technological development is limited to motor technology, not the whole product. The
procurement will be dependent on the organizational planning. (Doering, 2007)

This value chain shows that the planned initial phase will be an X-coalition where each
partner focuses on his core competences whilst learning from each other. The final result will
be a new product in the H.D.T. segment. A Foton Amuna truck with a Mercedes motor which
is qualitatively similar to the Actros yet far cheaper and with low cost components. An area
which will be targeted directly is the Sales and Service sector where Foton seems to have the
largest deficits. In particular as a Mercedes motor will be impossible to be repaired by
unqualified staff. The decision to supply Foton with Actros similar motors, but not the
original derives from the fact that they too complicated and expensive in production. Besides
this there are copyright concerns and the mutual trust is not yet established to such a high
extend.

4.17. Second Phase Value Chain


In the second phase the value chain will change significantly as Mercedes wants to assert
more influence on the joint operation

State of the art High tech Global


high production marketing After Sales
technologyR&D methods expertise Service

Local know how Low cost base Distribution Minor influence


of the Chinese production network due to Chinese
market specifics facilities production market specifics
and learning facilities

In the second phase the joint product will be enhanced significantly. Expertise in other fields
of R&D will be shared with Foton and incorporated into the product. According to

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Business Dissertation Andreas Hirschbrunn
Mr.Doering these will incorporate modifications necessary to enhance the performance of the
trucks. Due to confidentiality issues he would not specify them to the author. However the
idea is to basically create a whole new truck instead of supplying motors and building them
into the “Amuna”. This new product shall be the key to conquer the Chinese market and
expand the joint operations to markets with similar demands such as India and Russia
(Doering, 2007). To succeed with this they must improve the production methods
significantly whilst still maintaining the low cost basis. Therefore Mercedes will improve the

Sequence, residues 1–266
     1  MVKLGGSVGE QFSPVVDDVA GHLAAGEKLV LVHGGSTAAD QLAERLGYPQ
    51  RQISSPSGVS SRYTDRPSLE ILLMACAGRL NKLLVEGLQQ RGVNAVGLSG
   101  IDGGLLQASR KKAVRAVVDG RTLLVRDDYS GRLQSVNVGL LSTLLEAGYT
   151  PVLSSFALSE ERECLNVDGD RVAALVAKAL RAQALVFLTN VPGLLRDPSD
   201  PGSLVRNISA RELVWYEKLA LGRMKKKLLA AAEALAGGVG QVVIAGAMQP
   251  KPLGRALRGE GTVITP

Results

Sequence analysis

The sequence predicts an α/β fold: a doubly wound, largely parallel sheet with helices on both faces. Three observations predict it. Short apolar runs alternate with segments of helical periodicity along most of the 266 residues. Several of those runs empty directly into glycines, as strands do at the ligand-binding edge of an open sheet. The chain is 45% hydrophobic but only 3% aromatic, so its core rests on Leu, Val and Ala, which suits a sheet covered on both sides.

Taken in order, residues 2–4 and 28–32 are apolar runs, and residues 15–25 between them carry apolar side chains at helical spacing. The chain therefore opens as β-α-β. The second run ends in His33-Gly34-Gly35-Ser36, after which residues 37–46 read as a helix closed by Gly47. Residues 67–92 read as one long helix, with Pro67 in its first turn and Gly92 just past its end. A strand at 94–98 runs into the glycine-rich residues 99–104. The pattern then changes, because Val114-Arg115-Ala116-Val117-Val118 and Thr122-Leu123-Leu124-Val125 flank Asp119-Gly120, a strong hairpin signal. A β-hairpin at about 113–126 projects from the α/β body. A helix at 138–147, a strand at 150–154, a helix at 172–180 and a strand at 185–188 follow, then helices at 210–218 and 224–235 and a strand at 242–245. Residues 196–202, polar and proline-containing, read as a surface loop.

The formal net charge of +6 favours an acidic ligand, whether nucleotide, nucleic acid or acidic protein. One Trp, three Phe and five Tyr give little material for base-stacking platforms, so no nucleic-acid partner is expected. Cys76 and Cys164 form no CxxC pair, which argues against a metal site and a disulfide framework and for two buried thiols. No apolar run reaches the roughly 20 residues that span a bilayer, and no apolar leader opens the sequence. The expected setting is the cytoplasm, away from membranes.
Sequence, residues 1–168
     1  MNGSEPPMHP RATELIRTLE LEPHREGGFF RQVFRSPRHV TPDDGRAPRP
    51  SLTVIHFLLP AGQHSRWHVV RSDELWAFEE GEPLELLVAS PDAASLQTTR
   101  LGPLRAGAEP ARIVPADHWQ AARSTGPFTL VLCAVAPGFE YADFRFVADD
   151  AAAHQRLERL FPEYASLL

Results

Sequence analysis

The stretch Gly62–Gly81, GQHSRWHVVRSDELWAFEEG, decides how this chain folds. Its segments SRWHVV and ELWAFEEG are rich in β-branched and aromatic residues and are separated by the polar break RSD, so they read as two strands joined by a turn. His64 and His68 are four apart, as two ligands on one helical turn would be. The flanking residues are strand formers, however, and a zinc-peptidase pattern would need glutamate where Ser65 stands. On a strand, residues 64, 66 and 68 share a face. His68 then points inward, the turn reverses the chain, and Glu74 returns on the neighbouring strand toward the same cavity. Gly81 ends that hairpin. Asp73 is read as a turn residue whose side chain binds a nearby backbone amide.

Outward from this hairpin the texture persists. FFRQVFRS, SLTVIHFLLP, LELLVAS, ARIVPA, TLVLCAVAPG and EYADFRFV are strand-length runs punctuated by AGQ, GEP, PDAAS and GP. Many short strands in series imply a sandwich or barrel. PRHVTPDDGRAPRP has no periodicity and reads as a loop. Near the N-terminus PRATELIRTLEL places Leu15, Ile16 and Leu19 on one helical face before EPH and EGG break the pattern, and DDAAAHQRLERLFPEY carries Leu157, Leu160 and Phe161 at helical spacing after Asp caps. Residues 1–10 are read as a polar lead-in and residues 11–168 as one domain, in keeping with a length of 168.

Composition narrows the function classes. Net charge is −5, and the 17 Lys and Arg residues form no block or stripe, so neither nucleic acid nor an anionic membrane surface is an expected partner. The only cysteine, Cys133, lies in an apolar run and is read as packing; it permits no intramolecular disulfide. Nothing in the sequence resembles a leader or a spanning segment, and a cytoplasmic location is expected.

value chain via improving the production methods with adequate technique and processes
(Doering, 2007). On the other hand they have to improve the marketing, which lacks
significantly, in particular for the global expansion wished for by Foton. Besides this a joint
new product needs significant alterations to the marketing mix to succeed. The firm
infrastructure will be enhanced significantly through the joint new plant. The procurement
will be better due to the introduction of principles such as just in time management (Doering,
2007).

In the third phase Mercedes will exchange non technical know how to improve the whole
operation in exchange for more influence (Doering, 2007)? Whether this influence is
tolerated will depend on the stakeholders involved.

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Business Dissertation Andreas Hirschbrunn

4.18. Stake holder mapping


The suitability of Foton and Mercedes is given, now the stakeholders will be analysed to
determine what influence they have and to determine their key concerns

High power

Keep Satisfied Manage Closely


Main board Senior management
team
Chinese
Government/Major
Shareholder
Workers congresses
Financial Markets
Employees
Major suppliers

Suppliers

Large shareholders

Bond holders
Media

Small shareholders
Monitor Keep informed

Low power/interest
High Interest

Low power and interest

The small share- and bondholders of are no influential stakeholders as the operations scale is
limited seen in contrast to the corporate activities of the parent company. The Chinese side
has only one shareholder, the Chinese government; the influence will be discussed by the
author separately.

High power and low interest

The financial markets do not expect much from china joint ventures, as the past failure rate
has been high.But if significant company resources are employed into a continuously loss

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Business Dissertation Andreas Hirschbrunn
making operation they could react by downgrading ratings and other measures which have a
strong effect.Therefore Foton-Mercedes must keep them satisfied.

Low power and high interest

Large shareholders, the media and suppliers have a higher interest, but their power is
limited. In particular the Chinese media which is controlled by the government. Suppliers
only have power if they own unique intellectual property (Dr.Moritz, 2007). However due to
the simple nature of the product and the low level of legal copyright protection they have
only a limited short term power. In terms of enhancing the relationship Mercedes-Foton must
keep them informed.

High power and high interest

Major suppliers are in this group as they are not as easy to replace as the small ones due to
the extent of the operation. Therefore they can assert pressure on management and must be
managed closely. Employees are a very interesting group as they are the backbone of the
joint venture. Therefore the success depends largely on them. However as the core part of the
employees is Chinese it will be very interesting how they work together with the Mercedes